Antonio Banderas

The Skin I Live In (La piel que habito) (2011)

Ace surgeon, Robert Ledgard (Antonio Banderas), has spent half a dozen years holed up in his home/surgery developing, what he claims, is a skin that cannot burn. Aside from a few colleagues he talks to at work functions and presentations, he spends the majority of his time with his maid, Marilia, and a woman called Vera (Elena Anaya). The latter he keeps locked in a room next his bedroom and on whom he conducts his skin experiments. To say anymore would do the film no real justice.The Skin I Live In is macabre melodrama that reaches out to sci-fi with one hand and strokes the cheek of horror with the other. And, like the previous sentence, it’s a little bit pretentious. Only a bit mind.

The film is broken up into three definable acts. The first comes across as a hurricane of information. People shout, point, run in and out rooms, get raped, shout some more, get shot and then finish off the day shouting. It does what it was in doubt intended to do; grab you by the throat and encourage you to pay attention. The second act is a slower affair detailing the events that led to all the shouting, shooting and pointing. Like coming off the motorway onto a residential street, the change of gear is noticeable and somewhat jarring, but before long Banderas becomes brooding and psychotic and your throat is grabbed again. The final and shortest act can be seen as a bit of a let down. Vera’s story ends in such an understated manner that you feel a little bit cheated. Oh yes, there’s more shouting and pointing, but it doesn’t last very long.

Opening with Anaya performing yoga, Pedro Almodóvar ensures that his leads are immaculate and that each scene they’re in is equally beautiful. The beauty of the photography reflecting  Ledgard’s quest for perfection, whilst, like Vera, hiding the layers of revenge and violence beneath. The Skin I Live In is not an easy film to watch from a moralistic point of view. With the exception of Roberto Álamo as Marilia’s demented son, no one is entirely good or bad. Banderas, himself, goes from sympathetic to repulsive to sympathetic a number of times, whilst the reveal of Vera’s backstory will have you pondering which side you’re on long after the film has finished.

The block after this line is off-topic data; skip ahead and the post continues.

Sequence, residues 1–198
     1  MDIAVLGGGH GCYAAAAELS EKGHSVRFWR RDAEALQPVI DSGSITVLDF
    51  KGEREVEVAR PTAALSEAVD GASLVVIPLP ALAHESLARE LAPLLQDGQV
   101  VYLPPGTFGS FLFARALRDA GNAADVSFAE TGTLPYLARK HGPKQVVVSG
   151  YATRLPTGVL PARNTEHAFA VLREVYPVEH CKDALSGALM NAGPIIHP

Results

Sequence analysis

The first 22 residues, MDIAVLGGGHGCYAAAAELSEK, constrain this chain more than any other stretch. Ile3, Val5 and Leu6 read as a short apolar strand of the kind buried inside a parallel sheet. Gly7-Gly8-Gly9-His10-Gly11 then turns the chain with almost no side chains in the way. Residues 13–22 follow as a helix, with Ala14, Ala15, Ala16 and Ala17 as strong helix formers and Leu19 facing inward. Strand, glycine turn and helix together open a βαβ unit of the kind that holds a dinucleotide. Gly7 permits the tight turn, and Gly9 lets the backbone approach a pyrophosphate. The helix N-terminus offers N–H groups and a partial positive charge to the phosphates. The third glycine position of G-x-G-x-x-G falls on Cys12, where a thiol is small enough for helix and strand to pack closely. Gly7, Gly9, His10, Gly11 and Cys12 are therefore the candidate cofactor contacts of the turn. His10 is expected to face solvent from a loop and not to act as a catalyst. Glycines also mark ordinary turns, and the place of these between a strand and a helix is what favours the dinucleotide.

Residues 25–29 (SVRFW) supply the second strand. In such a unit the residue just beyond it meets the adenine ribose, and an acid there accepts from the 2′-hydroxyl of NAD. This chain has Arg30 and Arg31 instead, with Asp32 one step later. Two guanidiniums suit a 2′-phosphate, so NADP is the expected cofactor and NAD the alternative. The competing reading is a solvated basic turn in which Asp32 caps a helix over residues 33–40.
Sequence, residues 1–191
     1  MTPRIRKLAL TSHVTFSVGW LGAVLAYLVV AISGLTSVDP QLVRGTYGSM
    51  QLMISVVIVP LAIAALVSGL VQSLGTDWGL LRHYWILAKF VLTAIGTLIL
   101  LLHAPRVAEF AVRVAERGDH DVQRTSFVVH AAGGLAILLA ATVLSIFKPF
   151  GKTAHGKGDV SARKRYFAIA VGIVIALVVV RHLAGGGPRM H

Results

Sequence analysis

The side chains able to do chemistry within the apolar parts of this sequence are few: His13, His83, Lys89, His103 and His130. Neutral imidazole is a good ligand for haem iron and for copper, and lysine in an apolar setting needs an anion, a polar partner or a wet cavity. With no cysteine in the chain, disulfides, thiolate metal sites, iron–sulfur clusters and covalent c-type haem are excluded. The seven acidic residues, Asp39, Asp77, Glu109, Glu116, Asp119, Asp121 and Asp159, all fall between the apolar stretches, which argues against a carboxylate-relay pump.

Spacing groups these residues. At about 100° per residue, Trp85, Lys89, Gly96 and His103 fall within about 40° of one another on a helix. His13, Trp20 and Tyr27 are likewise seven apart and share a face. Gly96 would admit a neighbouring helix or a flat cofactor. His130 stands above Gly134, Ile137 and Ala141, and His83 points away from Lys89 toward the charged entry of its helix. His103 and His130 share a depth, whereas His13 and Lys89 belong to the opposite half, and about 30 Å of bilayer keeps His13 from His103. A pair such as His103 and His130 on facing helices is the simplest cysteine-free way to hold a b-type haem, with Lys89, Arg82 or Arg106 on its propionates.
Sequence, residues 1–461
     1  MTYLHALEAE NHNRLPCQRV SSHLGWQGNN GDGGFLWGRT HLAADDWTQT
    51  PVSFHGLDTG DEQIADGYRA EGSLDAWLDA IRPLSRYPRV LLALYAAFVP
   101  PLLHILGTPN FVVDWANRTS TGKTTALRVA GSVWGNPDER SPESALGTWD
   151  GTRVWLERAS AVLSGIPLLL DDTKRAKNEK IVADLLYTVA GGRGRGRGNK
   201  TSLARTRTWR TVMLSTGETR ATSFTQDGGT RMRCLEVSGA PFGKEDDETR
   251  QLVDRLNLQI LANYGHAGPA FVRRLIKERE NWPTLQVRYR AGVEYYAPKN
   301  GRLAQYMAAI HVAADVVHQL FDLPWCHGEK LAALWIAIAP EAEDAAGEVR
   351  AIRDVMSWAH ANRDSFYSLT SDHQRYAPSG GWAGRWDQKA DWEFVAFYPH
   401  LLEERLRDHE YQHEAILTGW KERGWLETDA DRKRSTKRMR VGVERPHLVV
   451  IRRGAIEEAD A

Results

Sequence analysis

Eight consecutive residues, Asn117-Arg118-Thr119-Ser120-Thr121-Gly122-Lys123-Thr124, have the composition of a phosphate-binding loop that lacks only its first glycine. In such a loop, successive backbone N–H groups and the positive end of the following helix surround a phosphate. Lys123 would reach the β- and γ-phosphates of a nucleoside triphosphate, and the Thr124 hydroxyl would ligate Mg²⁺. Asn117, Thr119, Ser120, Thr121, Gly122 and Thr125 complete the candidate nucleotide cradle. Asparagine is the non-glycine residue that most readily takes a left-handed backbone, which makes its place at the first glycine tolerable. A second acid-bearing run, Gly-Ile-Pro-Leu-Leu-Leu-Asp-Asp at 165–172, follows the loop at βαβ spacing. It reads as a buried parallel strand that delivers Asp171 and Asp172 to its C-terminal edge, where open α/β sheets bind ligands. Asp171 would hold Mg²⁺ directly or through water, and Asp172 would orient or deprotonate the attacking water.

Overall, The Skin I Live In is one of the last great films of 2011 and 2012 will hopefully see it get some more recognition.

Puss in Boots (2011)

The Shrek franchise is the true definition of diminishing returns. The original Shrek was a true family treat. Fart gags for the kids, knob jokes for the parents. Then the sequel came along and, whilst we learnt again that it’s what’s on the inside that counts, it was a pleasant way to spend an afternoon. By the fourth one, Same Old Shrek, the wheels were firmly spinning in the dirt. Shrek gone through so many life lessons, I was amazed  the married man with three kids had got through life without being killed crossing the street or opening a door.

The pop-references overtook the plot to such an extent that it became less about what was going to happen and more about guessing which of the latest blockbusters was going to get referenced against a backdrop of Eels songs. The last one being a genuine display of drowning in  a pop-culture stew. A stew made of gristle. And poo. And possibly some dead kittens.

Thanks heavens for Puss in Boots. A film which reminds you that you don’t need to play Lady Gaga and reenact the glasses of water scene from Jurassic Park. Antonio Banderas is brilliant as the titular hero who joins forces with Humpty Dumpty (Zach Galifianakos) and sultry Kitty Softpaws (Salma Hayek) to retrieve magic beans from bandits, Jack and Jill (Billy Bob Thornton and Amy Sedaris).

The film is a swift 90 minutes of genuine joy that doesn’t try to be overtly clever. If there are weak points, then it must be said that are probably one or two many action set pieces. I was too keen to move on to the next bit of dialogue. This a brilliant Christmas movie and hopefully, I mean this sincerely, it won’t lead to any sequels. None. No.

Dreamworks, don’t… Don’t cheapen the moment. Just embrace it. You’ve made a good film. Just savour it and go home. Please.